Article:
Disability Benefits for Warehouse Workers

Warehouse workers are responsible for making orders, receiving, storing, issuing and delivering supplies and equipment and assisting in the maintenance and disposal of records and property that are no longer needed in the warehouse environment. These professionals must also maintain inventory and accounting records, check for shortages and damaged items and report the inventories accordingly. Warehouse workers usually perform their duties in large storage buildings or warehouses. They are usually responsible for the operation of loading devices and winches, loading and unloading trucks that arrive at the warehouse. Truck, cart, tractor and forklift operations are also common responsibilities of warehouse workers. These individuals must be physically strong in order to move the goods that move in and out of the warehouse and must have good hand-eye and upper body coordination. The ability to follow directions and listen attentively is a must in order to perform the duties of their job safely and up to company standards.

Being a warehouse worker can be a high-risk job. These individuals are responsible for operating heavy machinery, which can be hazardous under certain conditions. Warehouse workers are also exposed to large items on the floor that can impede walkways, are exposed to dangers from nails that protrude from warehouse shelves, chemical spills, large falling objects and back injuries such as a herniated disc due to heavy lifting. When a warehouse worker suffers an on-the-job injury or a long-term illness or injury that is not work related, they should consider applying for Social Security Disability benefits.

Working with a Disability as a Warehouse Worker

When a warehouse worker suffers an injury or illness that prevents them from performing their day-to-day work activities, it can wreck havoc on the individual's financial well-being. For example, if a warehouse worker sustains a back injury, he or she would be unable to perform the duties necessary to maintain their job responsibilities. However, if the disabled warehouse worker files a Social Security Disability claim and the Social Security Administration determines that there are other types of work that the applicant could perform in the national economy, the claimant's disability application will not be approved.

When a warehouse worker is injured or suffers a long-term or permanent disability, Social Security Disability benefits should be there to alleviate the financial burden that has been caused by the disability. After all, these workers have paid into the Social Security system with each and every paycheck. Unfortunately, the system isn't always as simple and straightforward as it should be. Most applicants will need to undergo the complex and lengthy disability appeal process if they ever hope to obtain the benefits they may be rightfully entitled to.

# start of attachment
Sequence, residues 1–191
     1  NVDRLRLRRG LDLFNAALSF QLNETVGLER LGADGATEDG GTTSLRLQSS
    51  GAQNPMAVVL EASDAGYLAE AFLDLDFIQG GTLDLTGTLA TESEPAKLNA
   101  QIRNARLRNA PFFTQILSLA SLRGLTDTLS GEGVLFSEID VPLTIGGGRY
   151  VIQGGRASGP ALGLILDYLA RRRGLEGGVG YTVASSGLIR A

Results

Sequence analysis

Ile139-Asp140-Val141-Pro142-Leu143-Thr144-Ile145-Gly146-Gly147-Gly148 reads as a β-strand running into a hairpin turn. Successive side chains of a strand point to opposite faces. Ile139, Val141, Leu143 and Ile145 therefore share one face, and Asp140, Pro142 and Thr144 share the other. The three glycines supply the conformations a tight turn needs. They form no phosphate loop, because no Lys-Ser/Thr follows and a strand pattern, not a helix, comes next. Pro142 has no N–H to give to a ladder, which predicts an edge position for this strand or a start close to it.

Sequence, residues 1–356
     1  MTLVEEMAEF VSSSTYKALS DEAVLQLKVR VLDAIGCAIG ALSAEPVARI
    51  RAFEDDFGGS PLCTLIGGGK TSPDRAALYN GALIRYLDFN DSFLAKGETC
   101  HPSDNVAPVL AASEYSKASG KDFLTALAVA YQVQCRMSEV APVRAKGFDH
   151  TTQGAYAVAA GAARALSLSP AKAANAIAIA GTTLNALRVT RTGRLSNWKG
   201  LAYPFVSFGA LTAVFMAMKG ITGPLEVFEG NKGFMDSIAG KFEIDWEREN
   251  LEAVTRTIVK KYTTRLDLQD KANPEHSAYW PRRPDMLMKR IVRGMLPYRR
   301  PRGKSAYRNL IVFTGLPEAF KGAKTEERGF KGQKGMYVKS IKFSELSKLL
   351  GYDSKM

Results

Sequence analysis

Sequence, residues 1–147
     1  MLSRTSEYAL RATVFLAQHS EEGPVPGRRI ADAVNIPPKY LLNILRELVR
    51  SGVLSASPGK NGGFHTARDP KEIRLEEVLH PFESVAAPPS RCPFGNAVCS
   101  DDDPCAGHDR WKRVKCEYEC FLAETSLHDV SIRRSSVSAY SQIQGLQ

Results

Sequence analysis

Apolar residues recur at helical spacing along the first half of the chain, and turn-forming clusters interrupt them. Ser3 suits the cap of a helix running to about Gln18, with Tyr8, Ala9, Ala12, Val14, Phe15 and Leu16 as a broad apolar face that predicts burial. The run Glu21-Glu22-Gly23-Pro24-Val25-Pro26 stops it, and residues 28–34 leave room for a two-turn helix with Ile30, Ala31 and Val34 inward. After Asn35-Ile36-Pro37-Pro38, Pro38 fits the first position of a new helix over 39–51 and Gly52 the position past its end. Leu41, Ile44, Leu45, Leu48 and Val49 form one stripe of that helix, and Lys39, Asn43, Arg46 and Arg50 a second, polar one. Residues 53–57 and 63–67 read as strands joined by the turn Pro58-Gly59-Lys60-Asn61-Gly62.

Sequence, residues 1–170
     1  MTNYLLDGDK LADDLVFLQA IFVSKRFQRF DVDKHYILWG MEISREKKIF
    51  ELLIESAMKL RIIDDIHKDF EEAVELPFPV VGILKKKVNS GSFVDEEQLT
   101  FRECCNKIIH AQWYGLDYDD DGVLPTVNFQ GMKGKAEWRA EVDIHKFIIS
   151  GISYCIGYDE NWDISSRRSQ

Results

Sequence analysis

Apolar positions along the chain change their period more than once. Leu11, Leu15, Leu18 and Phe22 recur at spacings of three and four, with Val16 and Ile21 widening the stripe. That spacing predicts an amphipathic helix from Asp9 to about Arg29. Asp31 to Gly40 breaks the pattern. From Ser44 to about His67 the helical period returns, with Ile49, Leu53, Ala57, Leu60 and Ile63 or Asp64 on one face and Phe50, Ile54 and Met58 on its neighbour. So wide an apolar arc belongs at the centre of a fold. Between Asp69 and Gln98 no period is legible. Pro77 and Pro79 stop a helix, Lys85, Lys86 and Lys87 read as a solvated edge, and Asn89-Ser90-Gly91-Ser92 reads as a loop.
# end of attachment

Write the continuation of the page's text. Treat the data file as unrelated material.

Because many of the injuries faced by warehouse workers are back injuries, it can be hard to obtain disability benefits without the need for an appeal. Back pain is subjective, and proving the extent of your disability may be difficult in the eyes of the Social Security Administration. To make matters worse, the adjudicator reviewing your file may deny your Social Security Disability application based solely on the fact that they assume you should be able to do less strenuous work activity, not understanding that even sitting or standing for extended durations of time are impossible due to the limitations your disability places on you.

Applying for Social Security Disability as a Warehouse Worker

When a disabled warehouse worker applies for Social Security Disability benefits, the adjudicator reviewing the file will take a number of factors into consideration before approving or denying the applicant's Social Security Disability claim. This SSA employee will look at the individual's work history, age and residual functional capacity when reviewing a disability application. If the adjudicator feels that the applicant can perform another type of work in the national economy after reviewing these factors, the Social Security Disability applicant's benefits will be denied.

Proving that you have a disability is just the first step towards winning your Social Security Disability benefits. You must also be able to prove that you cannot possibly perform any other type of substantial gainful work activity due to the limitations your disability has placed on you. In order to do this, you may want to consider retaining the services of a qualified Social Security Disability attorney or advocate. These professionals can help you in the preparation of your disability claim and can ensure that the adjudicator reviewing your file understands the true extent of your disabling condition. If, for some reason, your initial claim is denied, these professionals can help appeal your case before an administrative law judge at a disability hearing. He or she may call in expert witnesses to testify regarding your functional work capacity and how retraining for another type of work activity is not feasible for your specific disability case.

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